Developers who become Managers
July 6, 2007
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Rob Walling had an amazing post where he described his experiences and frustrations during his career when moving from senior software development roles into management roles.
Much of Rob’s frustrations stemmed from losing the creative satisfaction one gets from writing code despite gaining the money, power, and respect generally associated with higher level management roles.
This post struck a chord with me because I had many of the same thoughts while I was a management consultant. I saw many colleagues that were great developers become terrible managers. Many of these former developers were so accustomed to the fine degree of control one wields with code that they had forgotten that people are not as easily manipulated. Out of frustration with this loss of control, many of these former developers resorted to becoming Taskmasters and were very disrespectful to their subordinates. Much of the reason I left big consulting was because of not wanting to go down the same path.
However, things are not all bad for those who aspire to get to management but have some anxiety about not coding. I have recently met a few rare individuals who are very successful at both the management side of things while still feeding their creative side by doing some programming work on the side outside of their management-based day job. The work they do on the side may be in the form of User Group Contributions, Open Source Contributions, or just general on-the-side consulting work for friends and former colleagues.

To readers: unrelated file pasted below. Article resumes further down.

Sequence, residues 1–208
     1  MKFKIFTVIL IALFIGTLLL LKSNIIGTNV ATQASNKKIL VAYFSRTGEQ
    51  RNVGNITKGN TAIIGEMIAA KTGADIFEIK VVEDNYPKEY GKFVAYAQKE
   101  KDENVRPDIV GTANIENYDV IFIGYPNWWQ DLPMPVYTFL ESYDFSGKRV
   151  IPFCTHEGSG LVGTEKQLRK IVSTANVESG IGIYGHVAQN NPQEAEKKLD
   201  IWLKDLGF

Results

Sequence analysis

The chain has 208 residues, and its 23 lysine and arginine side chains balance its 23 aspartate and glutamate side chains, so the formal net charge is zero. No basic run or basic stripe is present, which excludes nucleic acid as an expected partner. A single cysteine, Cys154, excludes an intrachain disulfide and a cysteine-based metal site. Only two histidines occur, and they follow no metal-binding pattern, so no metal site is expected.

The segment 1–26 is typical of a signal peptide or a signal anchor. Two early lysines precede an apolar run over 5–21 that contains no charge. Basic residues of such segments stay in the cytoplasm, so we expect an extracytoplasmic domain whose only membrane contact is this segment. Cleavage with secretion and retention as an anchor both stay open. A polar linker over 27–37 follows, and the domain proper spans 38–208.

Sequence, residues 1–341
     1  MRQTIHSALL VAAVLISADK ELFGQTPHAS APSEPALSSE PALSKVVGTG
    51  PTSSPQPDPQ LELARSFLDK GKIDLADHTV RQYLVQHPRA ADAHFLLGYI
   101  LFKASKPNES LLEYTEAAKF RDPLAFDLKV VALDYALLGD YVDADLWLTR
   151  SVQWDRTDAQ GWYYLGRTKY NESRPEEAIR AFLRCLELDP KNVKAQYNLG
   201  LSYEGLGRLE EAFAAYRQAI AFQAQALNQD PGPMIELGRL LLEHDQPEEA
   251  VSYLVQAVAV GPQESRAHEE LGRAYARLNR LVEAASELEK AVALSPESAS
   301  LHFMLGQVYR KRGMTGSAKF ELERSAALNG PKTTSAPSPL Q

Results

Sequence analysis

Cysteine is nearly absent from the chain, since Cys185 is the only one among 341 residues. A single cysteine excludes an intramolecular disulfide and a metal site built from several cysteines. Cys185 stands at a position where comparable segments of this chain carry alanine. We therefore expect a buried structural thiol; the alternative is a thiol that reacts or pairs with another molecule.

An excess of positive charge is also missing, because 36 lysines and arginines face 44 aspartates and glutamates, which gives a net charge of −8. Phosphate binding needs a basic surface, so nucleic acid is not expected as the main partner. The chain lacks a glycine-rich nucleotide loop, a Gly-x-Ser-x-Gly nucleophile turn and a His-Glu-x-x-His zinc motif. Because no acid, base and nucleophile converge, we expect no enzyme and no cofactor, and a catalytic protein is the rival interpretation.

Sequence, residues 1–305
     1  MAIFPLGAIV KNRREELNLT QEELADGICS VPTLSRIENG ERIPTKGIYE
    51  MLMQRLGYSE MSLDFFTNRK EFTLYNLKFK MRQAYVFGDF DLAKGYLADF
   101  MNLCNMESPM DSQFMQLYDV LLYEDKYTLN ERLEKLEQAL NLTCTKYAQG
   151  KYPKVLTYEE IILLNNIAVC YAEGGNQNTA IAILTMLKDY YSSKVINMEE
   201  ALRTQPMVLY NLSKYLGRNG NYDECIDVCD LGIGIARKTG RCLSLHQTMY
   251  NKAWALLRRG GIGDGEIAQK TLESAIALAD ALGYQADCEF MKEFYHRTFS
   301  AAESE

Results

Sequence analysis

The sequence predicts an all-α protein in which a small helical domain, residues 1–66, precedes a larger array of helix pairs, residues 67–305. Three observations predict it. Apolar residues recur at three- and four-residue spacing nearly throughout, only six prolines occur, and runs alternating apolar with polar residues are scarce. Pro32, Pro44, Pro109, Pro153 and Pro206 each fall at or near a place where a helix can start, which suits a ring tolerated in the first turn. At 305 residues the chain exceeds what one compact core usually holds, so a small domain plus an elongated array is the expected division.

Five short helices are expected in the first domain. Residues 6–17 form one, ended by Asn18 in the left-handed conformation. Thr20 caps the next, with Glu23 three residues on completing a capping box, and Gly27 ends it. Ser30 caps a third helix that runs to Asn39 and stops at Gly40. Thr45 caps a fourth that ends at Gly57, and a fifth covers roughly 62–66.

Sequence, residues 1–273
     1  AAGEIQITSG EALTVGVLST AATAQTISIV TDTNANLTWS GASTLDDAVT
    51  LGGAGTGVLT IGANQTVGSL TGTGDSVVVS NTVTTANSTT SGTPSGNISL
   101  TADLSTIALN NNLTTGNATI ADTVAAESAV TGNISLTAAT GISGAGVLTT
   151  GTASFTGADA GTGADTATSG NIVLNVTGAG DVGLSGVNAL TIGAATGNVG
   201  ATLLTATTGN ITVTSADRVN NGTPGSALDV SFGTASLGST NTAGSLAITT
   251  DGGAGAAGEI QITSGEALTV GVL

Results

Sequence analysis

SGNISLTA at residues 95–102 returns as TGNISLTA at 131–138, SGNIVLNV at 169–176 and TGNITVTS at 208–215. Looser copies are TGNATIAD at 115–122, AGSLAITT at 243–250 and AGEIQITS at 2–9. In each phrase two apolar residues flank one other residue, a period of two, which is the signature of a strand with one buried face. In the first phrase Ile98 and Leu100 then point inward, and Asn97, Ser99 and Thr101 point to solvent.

It’s been my experience that these types of managers are generally even better at their day jobs because they stay connected to the technology they are managing and are often very involved in the communities revolving around the same technology. Additionally, they often have less trouble finding and hiring good developers due to their large people networks.
As one would expect, such outside activities usually require sacrificing some personal time. But they give an individual the creative fix of coding while providing the prestige gained by going into management. So for those who are willing, it’s a very good option if you can survive with a little less sleep :)